Bose S1 Pro Portable PA System

It’s compact, battery-powered, and surprisingly effective.

I’ve used the Bose L1 system as a personal PA and also a guitar amp for years. Despite my initial skepticism (can a sound column like that work?), it has more than proven itself over time. So when the S1 appeared, while it’s not quite the same type of product as a column speaker, I couldn’t help but wonder if it worked as well as Bose claimed.


When I first saw the S1, I assumed it would put out a sound level commensurate with its size—but the levels, and quality of sound, are out of proportion to the size. As to the inputs and controls, the design is tilted toward singer/songwriters: there are two main input channels (with XLR combi jacks, bass, treble, guitar/mic ToneMatch, reverb, and channel on/off). However, the frequency response is suitable for arranger keyboards, light-duty DJ applications (place the S1 against a wall, in a corner, or on the floor on a hard surface to emphasize the unit’s natural bass), and even electronic drums.

The S1 Pro’s rear panel, showing the inputs, outputs, and controls.

Of course, whether the S1 will do what you need depends on how much of a room you’re trying to cover. If it’s a typical restaurant, or a venue with a few hundred people, you’re covered. But if it’s a rowdy bar where people are yelling and screaming their heads off, that’s a different matter.


The S1 Pro updates the original S1 by including the formerly optional-at-extra-cost ($99) Li-On battery as a standard part of the package. It offers about 11 hours of playing time at normal volume levels, which almost doubles that the original battery could deliver. The battery charges while the unit is plugged in; there’s also a Quick Charge mode, you can’t play through the unit when this is happening. It’s probably most useful as a way to top off the charge during breaks, if needed.

I appreciate that the battery is user-replaceable (it’s just two screws), not just for environmental reasons, but because if you keep a spare charged, you’re covered in case you forgot to charge the main battery.


In addition to the main inputs, there’s an additional channel that can choose between a 1/8” analog input or Bluetooth. This is handy for breaks, pre-show music, or streaming playlists from smart phones (note that the S1 also works with the Bose connect app for Android and iPhone). However, there are no controls other than pairing and volume, so EQ adjustments need to be made at the source.

Bluetooth and portability are also a good combination for portable partying, whether you’re into boats, pool parties, events, and the like.


Now let’s segue from more consumer-oriented applications back to performing. The S1 also serves as a floor monitor, because it has an accelerometer to sense the unit’s position, and adjust EQ accordingly. This is why Bose referes to the S1 as “multi-position” —place the unit on the floor and angle it up at the audience, put it on its side like a monitor wedge and face it toward the musician, or sit place it on a pole for better crowd coverage.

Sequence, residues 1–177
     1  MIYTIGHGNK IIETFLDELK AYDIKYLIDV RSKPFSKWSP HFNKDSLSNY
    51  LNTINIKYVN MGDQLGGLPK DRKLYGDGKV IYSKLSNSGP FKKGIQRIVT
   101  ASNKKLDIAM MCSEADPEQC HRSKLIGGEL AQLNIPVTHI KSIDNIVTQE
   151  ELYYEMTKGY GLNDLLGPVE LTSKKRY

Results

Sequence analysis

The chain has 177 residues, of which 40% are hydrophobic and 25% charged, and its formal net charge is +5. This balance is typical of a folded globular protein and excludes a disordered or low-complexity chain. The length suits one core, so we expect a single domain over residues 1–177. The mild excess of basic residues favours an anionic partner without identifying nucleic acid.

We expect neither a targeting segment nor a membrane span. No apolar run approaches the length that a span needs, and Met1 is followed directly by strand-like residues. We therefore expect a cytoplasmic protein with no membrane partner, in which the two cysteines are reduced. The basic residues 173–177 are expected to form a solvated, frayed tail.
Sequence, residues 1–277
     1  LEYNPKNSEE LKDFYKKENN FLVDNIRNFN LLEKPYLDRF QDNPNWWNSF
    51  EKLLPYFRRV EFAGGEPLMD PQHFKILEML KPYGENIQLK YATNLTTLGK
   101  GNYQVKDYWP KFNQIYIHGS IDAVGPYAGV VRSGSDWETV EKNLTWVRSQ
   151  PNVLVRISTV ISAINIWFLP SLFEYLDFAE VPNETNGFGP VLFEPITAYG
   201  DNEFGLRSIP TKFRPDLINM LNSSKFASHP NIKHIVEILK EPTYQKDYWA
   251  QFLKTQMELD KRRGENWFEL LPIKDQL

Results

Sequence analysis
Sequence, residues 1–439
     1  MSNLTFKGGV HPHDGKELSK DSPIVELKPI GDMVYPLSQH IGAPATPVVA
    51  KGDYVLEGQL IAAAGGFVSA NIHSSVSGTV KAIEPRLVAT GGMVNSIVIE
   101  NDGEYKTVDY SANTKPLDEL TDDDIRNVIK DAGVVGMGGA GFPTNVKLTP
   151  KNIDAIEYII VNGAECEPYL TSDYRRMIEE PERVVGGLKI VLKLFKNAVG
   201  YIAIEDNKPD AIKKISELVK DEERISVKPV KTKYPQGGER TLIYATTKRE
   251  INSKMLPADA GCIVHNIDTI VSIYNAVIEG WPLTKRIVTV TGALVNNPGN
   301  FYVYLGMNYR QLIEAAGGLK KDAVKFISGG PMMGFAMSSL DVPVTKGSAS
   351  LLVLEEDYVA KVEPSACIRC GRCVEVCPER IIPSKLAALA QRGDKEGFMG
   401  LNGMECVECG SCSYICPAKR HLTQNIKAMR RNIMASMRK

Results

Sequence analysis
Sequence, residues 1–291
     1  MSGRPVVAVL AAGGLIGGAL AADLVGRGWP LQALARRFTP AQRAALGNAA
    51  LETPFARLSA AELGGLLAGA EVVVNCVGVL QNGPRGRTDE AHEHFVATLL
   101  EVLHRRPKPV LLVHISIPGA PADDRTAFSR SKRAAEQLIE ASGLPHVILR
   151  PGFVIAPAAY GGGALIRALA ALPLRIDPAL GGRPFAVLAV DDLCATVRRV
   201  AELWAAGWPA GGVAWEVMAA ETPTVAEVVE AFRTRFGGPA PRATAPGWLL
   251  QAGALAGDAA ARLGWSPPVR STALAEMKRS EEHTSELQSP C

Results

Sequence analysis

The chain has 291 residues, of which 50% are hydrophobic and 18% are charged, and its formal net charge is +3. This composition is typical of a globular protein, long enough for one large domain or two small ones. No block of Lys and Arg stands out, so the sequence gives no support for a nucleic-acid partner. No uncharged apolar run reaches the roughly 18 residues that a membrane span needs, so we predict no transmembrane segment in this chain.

The S1 also has a baby version of Bose’s ToneMatch feature, which is their name for fixed equalization options that are optimized for particular signal sources—in this case off, guitar, and mic. In conjunction with the bass and treble equalization it’s reasonably effective, although not as much as a the full-blown ToneMatch system.

In use, the S1 has a surprising amount of low end when sitting on the floor. I needed to roll off the bass all the way with both acoustic and electric guitar with humbuckers. For the most balanced response, pole-mount the S1. This also optimizes projection. Also note there’s a line out if you want to feed a second S1 or other “personal PA” (or send audio to a recorder).

For vocals, the ToneMatch is voiced for dynamic mics—not surprising, because the S1 doesn’t have phantom power for condenser mics. The bass rolloff was enough to undo the proximity effect of a close-miked SM58, and surprisingly—given the SM58’s natural lack of brightness—boosting the treble wasn’t necessary. When miking instruments at more of a distance, the bass didn’t need much rolloff, and a little treble boost brought out the definition. Granted the EQ is limited, but I was able to obtain the sounds I wanted.

Finally, don’t find reverb particularly useful for most live situations, although sometimes a touch of ’verb can be helpful as a room fills up.


The S1’s main appeal is lots of sound in a compact package, but you can enhance what it does with equally compact effects, like TC-Helicon’s VoiceLive Play or the Zoom MS-50G. In that context, the S1 is indeed about sound reinforcement. Assemble a collection of mic, cables, effects, and instrument, and you’re good to go.


$599 may seem pricey…but here’s a situation where “you get what you pay for” works to your advantage, especially now that the battery is part of the package. There’s no question that the S1 Pro is designed to fill a particular niche: if you want more power, you need bigger. If you want more power, you need to spend more money. But if you need a system that’s compact, light, portable, and able to fill smaller venues with surprising ease given the size, the Pro S1 checks all the boxes.